- Drilling Rig Animation
- Horizontal Drilling Animation
- Multi-stage Vertical Drilling
- Well Frac Animation
- Seismic Line Animation
- Seismic Survey Animation
- The Classification of Petroleum
- API Gravity
- Sweet Vs Sour Crude Oil
- Benchmark Oils

Centre for Energy
- What is Crude Oil?

Petroleum.” Environmental Literacy Council.

Petroleum and Petrochemical Technologies.” Greatest Engineering Achievements of the 20th Century. National Academy of Engineering. 2000.

"The unsung masters of the oil industry." The Economist, July 21, 2012.

- Tight Oil
Casselman, Ben. 2010. "Oil Industry Booms - in North Dakota." The Wall Street Journal, January 26.

Johnson, Robert. 2012. "You've Never Seen Anything Like This North Dakota Oil Boomtown." Business Insider, March 7.

Wile, Rob. 2012. "The Most Profitable Oil Field In The World Is Right Here In America." Business Insider, December 4.

- Oil Transport
Stopford, Martin. 2011. "An Anniversary - 150 Years of Oil Transport by Sea." Shipping Intelligence Network (November 18).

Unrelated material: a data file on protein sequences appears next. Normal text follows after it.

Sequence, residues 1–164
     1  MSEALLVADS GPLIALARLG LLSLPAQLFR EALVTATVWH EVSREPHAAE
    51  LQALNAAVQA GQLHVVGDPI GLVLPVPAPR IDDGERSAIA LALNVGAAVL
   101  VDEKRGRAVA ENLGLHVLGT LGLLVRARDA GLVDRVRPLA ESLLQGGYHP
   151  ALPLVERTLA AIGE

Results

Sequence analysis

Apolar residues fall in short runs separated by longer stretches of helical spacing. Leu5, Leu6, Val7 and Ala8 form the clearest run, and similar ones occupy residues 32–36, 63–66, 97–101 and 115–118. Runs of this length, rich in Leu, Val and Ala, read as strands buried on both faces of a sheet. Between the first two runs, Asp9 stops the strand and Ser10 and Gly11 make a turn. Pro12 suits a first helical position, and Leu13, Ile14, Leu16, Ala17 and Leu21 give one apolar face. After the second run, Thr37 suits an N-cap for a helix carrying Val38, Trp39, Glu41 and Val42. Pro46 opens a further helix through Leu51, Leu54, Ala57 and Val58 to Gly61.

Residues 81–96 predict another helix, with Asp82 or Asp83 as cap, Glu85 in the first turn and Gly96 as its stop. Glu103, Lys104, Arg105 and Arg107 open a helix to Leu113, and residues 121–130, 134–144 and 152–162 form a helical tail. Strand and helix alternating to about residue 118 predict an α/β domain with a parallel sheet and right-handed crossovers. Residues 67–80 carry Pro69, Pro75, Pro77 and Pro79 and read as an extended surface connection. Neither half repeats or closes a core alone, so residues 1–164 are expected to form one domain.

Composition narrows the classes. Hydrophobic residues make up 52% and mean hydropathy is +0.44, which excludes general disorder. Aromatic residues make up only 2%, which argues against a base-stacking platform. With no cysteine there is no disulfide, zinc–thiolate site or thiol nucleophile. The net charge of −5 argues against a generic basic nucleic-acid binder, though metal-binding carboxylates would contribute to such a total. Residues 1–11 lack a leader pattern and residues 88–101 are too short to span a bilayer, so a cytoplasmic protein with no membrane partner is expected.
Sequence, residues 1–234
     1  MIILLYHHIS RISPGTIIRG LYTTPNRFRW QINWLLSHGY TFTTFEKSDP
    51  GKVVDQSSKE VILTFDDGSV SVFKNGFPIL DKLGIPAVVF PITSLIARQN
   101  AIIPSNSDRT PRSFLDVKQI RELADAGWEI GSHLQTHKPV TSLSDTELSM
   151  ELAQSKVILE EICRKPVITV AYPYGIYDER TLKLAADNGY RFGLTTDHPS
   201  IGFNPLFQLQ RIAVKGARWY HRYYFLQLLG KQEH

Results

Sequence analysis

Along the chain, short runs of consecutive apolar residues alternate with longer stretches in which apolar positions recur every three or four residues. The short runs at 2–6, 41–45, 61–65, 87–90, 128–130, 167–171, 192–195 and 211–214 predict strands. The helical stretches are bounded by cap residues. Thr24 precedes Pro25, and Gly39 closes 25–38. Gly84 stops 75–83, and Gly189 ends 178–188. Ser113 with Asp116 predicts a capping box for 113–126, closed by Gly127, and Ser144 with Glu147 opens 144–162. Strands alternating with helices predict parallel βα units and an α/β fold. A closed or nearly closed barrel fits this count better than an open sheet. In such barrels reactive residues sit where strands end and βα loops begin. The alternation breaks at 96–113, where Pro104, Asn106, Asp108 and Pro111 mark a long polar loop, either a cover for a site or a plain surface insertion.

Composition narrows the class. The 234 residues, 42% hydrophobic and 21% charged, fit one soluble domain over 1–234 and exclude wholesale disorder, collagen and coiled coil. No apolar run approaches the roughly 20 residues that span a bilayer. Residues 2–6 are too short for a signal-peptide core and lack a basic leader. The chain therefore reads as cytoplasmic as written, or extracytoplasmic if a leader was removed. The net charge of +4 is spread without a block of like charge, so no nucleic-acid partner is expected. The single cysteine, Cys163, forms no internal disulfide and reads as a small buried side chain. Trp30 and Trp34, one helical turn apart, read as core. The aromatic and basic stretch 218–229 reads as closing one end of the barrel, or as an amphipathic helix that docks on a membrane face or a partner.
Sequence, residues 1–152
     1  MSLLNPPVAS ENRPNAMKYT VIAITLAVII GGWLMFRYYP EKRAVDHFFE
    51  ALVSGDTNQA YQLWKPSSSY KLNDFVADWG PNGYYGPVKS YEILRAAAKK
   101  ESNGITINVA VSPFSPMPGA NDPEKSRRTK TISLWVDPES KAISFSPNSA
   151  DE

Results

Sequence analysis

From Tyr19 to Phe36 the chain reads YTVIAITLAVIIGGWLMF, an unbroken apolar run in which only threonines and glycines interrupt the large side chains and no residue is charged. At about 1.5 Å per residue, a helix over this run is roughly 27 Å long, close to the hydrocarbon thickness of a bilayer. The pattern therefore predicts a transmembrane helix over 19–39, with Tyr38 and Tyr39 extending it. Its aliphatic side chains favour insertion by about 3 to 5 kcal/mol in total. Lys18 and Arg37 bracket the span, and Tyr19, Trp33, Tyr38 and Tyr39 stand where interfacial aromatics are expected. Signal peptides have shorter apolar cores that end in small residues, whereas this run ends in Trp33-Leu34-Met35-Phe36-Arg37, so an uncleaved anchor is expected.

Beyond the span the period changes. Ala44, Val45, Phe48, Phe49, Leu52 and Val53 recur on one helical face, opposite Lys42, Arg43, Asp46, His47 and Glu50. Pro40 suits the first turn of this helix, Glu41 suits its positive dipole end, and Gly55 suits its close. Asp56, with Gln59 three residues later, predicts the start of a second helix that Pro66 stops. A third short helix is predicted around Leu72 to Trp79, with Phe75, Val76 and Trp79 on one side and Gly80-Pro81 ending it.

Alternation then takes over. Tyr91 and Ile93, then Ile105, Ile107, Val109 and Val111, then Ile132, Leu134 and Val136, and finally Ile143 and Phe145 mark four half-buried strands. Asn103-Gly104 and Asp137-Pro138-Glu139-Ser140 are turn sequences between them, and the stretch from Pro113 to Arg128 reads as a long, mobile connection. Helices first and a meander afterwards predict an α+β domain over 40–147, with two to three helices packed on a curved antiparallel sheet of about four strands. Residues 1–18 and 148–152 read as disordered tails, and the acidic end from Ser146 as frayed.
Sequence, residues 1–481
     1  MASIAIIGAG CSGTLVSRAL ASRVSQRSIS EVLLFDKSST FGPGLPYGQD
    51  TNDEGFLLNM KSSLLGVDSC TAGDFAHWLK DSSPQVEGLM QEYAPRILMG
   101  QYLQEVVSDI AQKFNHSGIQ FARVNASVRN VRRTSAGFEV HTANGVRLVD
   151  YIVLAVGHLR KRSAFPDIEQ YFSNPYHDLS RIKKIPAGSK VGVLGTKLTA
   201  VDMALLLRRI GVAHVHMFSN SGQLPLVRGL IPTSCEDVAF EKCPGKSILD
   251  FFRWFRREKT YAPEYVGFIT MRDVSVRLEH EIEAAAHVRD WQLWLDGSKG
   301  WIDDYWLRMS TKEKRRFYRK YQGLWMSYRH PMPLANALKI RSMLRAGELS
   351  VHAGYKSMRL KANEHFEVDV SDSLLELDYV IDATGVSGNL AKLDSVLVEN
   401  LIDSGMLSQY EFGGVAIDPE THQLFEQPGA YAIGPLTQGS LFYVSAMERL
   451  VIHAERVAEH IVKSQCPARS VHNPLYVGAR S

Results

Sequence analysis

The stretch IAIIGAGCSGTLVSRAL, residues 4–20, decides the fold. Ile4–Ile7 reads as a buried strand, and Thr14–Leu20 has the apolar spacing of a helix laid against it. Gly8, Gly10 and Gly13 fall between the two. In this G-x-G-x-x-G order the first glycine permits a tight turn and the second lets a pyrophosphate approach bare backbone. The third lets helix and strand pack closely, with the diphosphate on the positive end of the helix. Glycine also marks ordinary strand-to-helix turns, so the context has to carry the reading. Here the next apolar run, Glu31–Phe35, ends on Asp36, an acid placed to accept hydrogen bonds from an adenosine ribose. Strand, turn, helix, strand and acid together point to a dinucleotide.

Stena Bulk. Type of Vessels "Pipeline Transport"

Furchtgott-Roth, Diana. 2013. "Pipelines are Safest for Transportation of Oil and Gas." Manhattan Institute Issue Brief No. 23 (June).

Green, Kenneth P. 2013. "Canada Should Take to Oil Pipeline Safety." Huffington Post Canada (October 31).

- Refining
Canadian Fuels Association. Fuels Production - How Refining Works

- Crude Oil and Refined Petroleum Markets
US EIA. "What Drives Crude Oil Prices?"

Blackmon, David. 2013. "Texas Amazing Shale Oil and Gas Abundance." Forbes (July 5).

Fuel Prices
Canadian Fuels Association, Fuel Markets and Pricing
- What's up with the price of gasoline?
- Canada/U.S. Price Component Comparison

The Kent Group, Trend of retail price components over time (utilise les liens qui sont deja la)